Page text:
Art isn’t nice, it’s necessary for governing — states must invest more
© Getty Images

In his TED Talk explaining why mayors should rule the world, political theorist Benjamin Barber observes that “mayors are pragmatists and problem-solvers — they get things done.” Indeed, there is no liberal or conservative case for filling potholes. They need to be filled, and the best mayors know how to fill them efficiently. 

So it’s interesting that mayors, unlike many other elected officials, need no convincing that art is necessary for governing. In Boston, shortly after winning election as the city’s new mayor in 20 years, Mayor Martin Walsh created a new position in his cabinet for a commissioner of the arts with the same policy-making authority as his police commissioner and superintendent of schools.

ADVERTISEMENT

It’s what former Philadelphia Mayor Michael Nutter did in 2008 after winning office on a campaign in which he promised to direct greater resources to the arts. Similar stories can be told about municipal investment in the arts in Chicago, Cleveland, Houston, Minneapolis-St. Paul, New York, Portland, Oregon, San Francisco, and Seattle.

 

That’s why the decision by 18 state legislatures in the last fiscal year to cut public investment in art, coupled with President Trump’s call to eliminate funding for the National Endowment for the Arts and the National Endowment for the Humanities, is so potentially harmful to our communities.

Art succeeds at the local level by building more vibrant, equitable, and connected communities. It spurs economic activity and enhances education at the state level. There is even a place for art in global politics, where it can be a powerful tool in high stakes diplomacy

Consider the following examples:

During the Abu Dhabi Culture Summit held in April on Saadiyat Island in Abu Dhabi and sponsored by Foreign Policy magazine, former Secretary of State Madeleine Albright asserted that “cultural diplomacy is not a secondary tool.” The role of music in creating connection between the U.S. and Russia during the Cold War is well known. Albright’s experiences, particularly with Václav Havel, the first President of the Czech Republic who was a jazz aficionado, convinced her to formalize the use of art in what she called the “diplomatic toolbox.”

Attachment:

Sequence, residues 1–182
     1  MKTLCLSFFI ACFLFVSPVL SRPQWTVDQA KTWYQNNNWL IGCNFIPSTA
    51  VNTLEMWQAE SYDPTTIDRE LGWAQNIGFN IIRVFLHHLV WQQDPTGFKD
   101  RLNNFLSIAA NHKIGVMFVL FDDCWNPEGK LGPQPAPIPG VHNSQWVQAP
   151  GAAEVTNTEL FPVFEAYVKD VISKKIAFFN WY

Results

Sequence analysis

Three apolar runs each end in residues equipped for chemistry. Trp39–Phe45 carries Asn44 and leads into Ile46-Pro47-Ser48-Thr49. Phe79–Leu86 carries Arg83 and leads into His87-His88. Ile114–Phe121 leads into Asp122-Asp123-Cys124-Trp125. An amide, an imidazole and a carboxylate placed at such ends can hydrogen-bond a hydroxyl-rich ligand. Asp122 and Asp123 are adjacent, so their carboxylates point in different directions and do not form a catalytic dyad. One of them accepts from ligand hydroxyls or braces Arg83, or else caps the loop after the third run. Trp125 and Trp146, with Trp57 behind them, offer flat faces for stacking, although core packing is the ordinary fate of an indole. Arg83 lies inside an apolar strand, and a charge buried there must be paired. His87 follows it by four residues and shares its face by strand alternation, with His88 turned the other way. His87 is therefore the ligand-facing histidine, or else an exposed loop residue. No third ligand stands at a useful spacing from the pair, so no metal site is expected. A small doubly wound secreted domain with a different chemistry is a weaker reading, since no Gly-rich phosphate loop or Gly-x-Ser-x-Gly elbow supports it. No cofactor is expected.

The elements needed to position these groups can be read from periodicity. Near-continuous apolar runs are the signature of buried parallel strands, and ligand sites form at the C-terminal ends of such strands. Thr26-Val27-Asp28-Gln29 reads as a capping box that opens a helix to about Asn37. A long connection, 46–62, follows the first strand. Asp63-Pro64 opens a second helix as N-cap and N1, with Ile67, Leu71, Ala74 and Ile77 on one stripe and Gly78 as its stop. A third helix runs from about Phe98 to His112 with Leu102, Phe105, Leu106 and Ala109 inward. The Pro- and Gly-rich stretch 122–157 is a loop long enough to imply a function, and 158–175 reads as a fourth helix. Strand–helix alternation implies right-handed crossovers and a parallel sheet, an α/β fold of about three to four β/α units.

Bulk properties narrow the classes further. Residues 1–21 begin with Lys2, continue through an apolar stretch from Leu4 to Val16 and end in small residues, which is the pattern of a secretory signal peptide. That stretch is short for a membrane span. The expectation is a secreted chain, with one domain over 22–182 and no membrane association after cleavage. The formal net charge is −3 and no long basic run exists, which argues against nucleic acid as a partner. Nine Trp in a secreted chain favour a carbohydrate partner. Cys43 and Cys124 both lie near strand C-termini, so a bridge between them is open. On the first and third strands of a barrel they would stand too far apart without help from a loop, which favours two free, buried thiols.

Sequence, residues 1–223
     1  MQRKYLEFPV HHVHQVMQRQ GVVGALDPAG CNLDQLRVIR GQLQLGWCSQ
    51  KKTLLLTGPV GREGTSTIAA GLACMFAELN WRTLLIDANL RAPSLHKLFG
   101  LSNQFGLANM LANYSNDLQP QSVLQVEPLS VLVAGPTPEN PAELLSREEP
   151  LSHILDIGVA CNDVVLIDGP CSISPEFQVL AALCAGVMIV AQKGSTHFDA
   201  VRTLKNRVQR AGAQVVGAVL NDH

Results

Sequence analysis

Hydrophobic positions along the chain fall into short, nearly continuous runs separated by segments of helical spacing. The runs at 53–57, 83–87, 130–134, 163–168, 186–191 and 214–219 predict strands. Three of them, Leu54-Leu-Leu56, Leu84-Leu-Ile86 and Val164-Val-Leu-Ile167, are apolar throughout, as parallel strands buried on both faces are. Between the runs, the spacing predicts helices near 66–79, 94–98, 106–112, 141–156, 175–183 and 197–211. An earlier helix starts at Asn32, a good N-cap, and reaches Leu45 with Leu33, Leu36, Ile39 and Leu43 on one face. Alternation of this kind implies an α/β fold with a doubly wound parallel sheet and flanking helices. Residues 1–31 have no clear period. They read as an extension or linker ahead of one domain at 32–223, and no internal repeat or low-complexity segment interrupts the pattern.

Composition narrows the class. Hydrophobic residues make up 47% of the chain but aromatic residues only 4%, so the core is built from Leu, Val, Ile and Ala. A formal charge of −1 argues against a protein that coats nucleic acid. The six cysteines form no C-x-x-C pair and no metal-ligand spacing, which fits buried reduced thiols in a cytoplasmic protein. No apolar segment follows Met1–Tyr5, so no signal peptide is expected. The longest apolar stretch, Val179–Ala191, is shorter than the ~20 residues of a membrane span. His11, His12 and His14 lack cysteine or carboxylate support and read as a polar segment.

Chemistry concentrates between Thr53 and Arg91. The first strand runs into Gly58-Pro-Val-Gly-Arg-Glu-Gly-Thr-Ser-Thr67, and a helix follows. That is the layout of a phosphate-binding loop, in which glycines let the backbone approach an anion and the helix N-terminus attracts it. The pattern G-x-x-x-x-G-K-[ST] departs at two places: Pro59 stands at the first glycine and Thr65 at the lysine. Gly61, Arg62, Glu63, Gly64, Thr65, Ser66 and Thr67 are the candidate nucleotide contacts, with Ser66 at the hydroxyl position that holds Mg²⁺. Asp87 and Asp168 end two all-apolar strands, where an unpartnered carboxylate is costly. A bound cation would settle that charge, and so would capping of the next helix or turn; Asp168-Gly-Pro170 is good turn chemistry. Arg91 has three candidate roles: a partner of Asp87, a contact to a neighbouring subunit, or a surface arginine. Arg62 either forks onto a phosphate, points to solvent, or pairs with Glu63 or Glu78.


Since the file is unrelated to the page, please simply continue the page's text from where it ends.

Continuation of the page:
Nationally, the NEA employs art to strengthen vulnerable communities around the country. In a remarkable piece documenting how NEA funds have been distributed in Vice President Mike PenceMichael (Mike) Richard PenceMcConnell says he'd back Trump as 2024 GOP nominee Poll: Democrats more likely than Republicans to view their party favorably The Hill's Morning Report - Presented by The AIDS Institute - Ahead: One-shot vax, easing restrictions, fiscal help MORE’s home state of Indiana, the Washington Post demonstrated the impact of grants going to high-poverty neighborhoods and underserved populations.

In Indianapolis, the nonprofit artists collective Big Car is bringing life back to a previously blighted downtown neighborhood by rehabbing abandoned houses for use as housing for artists. Cultural traditions are being kept alive in rural Grant County where a 30-foot-long tunnel in being constructed out of willow branches tied together with centuries-old basket weaving techniques.

The installation will be sturdy enough for its intended audience of children, who will run through and play in the tunnel while learning about basket weaving in the process. In Fort Wayne, Parkview Health’s NEA-funded Healing Arts program engages patients and nurses in simple activities that bring moments of calm during otherwise intensely stressful hospitalizations.

But this impact isn’t limited to Indiana. In local communities around the country, art is improving public health and the delivery of healthcare; helping people as they age; and building resiliency among veterans and their families. Combined with all of the other benefits mentioned above, these investments even pay off in higher property values.

But none of this happens without public funding, which ensures that programs and projects in poverty-stricken neighborhoods and rural communities are financed. It ensures that children attending school in districts that cannot pay for instruction in the arts still get field trips to museums. It brings stature and attention to otherwise low-profile installations, exhibits, and performances and prevents art from devolving into a soulless exercise in appealing to the lowest common denominator.

Public funding for art at the local, state, and federal level isn’t something to tack on when there’s a little extra in the public coffers. It’s necessary for the important work of making our communities places where people want to live, work, and play.

Matt Wilson is the executive director of MASSCreative, a statewide arts advocacy organization in Massachusetts.


The views of contributors are their own and are not the views of The Hill.